Common Sense & Syrian Refugees

Let’s all take a deep breath and look rationally at this whole thing. I know, gallons of pixels have been spilled (aside: can we update this metaphor?) and you probably think that enough has been written on this subject. And you may be right. On the other hand, although I’m not an expert, I lived in Muslim nations for 9 years and I’ve worked with Iraqi refugees for 5. That’s 14 times 365 of day in and day out life lived across culture and religion, which qualifies me to have an opinion at least as much as the people shouting things on Facebook.

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  1. The risk is minuscule. Yes, yes, I know. One of the Paris bombers allegedly came into the country posing as a refugee. But the others were already there legally. Some American citizens have also joined Daesh (or ISIS). If they want to bomb us, they have much easier ways in than to pose as refugees. We’re geographically more protected than Europe and as a result, all of the refugees we admit have been thoroughly vetted. Trust me on this. I know how long and thorough the process is, and I’ve been frustrated by it. One man came ahead of his family, leaving a pregnant wife and 2 children to join him later. The baby was born, and it took the family two entire years to get that infant refugee status and join the dad. Two years to vet a newborn. It can take up to 5 years for adults.
  2. The risk is misjudged. I can’t count how many times I’ve seen someone on FB explaining earnestly how Syrians want to overrun our culture, make us all submit to Shariah law, etc etc. They don’t. What they want: for their kids to get an education, to be able to work and provide for their families, to live in peace and safety, hope.
  3. We are already at risk. Life is risk. Can we please be honest with ourselves for a minute? We are all at far greater risk of being shot by a white man with lots of guns and mental issues than we are by a darker-skinned man who shouts “Allah u Akbar!”
    The family I mentioned above sent the husband on ahead to make sure it was safe for them. They were afraid to come to America. They understood that we are a violent people, where many people carry guns and people shoot other people just for entering their property, not to mention school shootings, movie theater shootings, mall shootings, church shootings, synagogue shootings, and mosque shootings. Many families are afraid to raise their daughters in such a promiscuous society.  And then they come, and they relax. They meet Americans, realize life isn’t like TV, and settle into getting kids in school, getting to know their neighbors, learning to live in a totally different culture and language.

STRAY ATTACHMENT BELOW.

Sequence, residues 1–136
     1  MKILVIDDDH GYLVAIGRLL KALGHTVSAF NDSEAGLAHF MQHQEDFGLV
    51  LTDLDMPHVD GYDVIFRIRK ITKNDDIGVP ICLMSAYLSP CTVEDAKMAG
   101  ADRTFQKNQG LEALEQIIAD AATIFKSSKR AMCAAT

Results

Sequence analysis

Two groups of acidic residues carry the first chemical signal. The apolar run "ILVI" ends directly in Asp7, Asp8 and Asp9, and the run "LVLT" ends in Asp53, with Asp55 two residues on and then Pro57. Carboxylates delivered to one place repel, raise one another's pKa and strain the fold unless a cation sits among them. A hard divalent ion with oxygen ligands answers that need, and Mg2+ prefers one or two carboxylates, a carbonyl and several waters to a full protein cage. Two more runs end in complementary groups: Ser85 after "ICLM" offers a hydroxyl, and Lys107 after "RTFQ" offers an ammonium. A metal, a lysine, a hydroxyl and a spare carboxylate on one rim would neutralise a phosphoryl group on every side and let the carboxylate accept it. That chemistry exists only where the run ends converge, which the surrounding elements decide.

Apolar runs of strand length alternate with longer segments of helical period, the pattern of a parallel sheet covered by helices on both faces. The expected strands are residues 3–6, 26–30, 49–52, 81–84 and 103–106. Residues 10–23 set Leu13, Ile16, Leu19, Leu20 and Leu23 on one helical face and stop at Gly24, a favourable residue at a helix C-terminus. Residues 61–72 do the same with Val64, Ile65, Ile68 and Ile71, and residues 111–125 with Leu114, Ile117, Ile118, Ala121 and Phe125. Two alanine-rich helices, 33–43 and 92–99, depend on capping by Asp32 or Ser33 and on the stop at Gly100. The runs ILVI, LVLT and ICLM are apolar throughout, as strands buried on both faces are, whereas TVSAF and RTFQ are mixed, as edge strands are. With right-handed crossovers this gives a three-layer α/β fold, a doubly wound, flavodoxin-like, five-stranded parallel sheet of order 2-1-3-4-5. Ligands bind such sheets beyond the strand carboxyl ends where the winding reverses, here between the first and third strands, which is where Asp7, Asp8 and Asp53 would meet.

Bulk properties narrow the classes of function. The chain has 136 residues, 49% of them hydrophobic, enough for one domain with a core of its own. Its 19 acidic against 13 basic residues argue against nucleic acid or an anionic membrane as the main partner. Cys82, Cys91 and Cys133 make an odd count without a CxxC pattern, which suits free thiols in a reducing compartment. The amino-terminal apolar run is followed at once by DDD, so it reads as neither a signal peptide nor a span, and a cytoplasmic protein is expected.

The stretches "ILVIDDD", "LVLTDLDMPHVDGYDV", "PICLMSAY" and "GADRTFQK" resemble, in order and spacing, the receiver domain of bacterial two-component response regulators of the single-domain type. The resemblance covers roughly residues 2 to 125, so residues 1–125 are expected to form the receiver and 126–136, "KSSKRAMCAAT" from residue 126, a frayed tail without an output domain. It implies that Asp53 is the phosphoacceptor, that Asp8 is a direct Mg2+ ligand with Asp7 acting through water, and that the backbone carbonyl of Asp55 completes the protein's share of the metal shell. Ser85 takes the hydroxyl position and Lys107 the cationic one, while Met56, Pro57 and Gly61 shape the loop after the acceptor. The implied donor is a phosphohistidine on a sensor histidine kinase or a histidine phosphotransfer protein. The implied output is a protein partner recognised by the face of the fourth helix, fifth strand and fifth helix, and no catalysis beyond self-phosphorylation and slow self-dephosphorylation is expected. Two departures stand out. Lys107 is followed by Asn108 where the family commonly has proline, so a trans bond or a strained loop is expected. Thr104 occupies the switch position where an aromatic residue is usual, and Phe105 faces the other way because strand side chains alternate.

But can we just look at ourselves from the outside for a minute and see how uninviting and scary our own beloved culture might look?
  4. The best way to minimize risk is to welcome and engage refugees. Leaving families to rot in refugee camp limbo, to raise their kids without education or hope for a better tomorrow, while we continue to show the world via our sleek media that we all have gorgeous houses, shiny hair, white teeth and new cars, is pretty much a recipe for future terrorism. But letting them in and keeping them marginalized won’t do it either. Here’s a radical idea: what if we welcomed them, helped them adapt, engaged them with friendship, and loved them? Don’t you think this is also the best way to fight radicalization of young men? Let’s show them love, introduce them to Jesus, be kind to those who are different from us, serve them without strings attached. This is also the right thing to do, but I’m not even bringing WWJD into this. This one is purely pragmatic.
  5. Jesus commands us to love our enemies. Oh yeah, I went there. I have saved the best for last. If we claim to follow him, then we can’t hide behind arguments of “oh sure I will love them if they live next to me but I don’t have to love them now and my government sure doesn’t have to!” (a very rough paraphrase of many comments I’ve read) “Love your enemies and pray for those who misuse you,” he commanded us. The idea that we would put our own imaginary safety (for no one in this life is truly safe–there are always airborne viruses and earthquakes) above the needs of hurting people is nowhere even allowed in Scripture. As for the government, they are simply wrong-headed about this, because as I’ve already pointed out, we incur more risk by not letting them in.

This is one of those beautiful times when doing the right thing is also the most pragmatic, I believe. I welcome your respectful and thoughtful comments.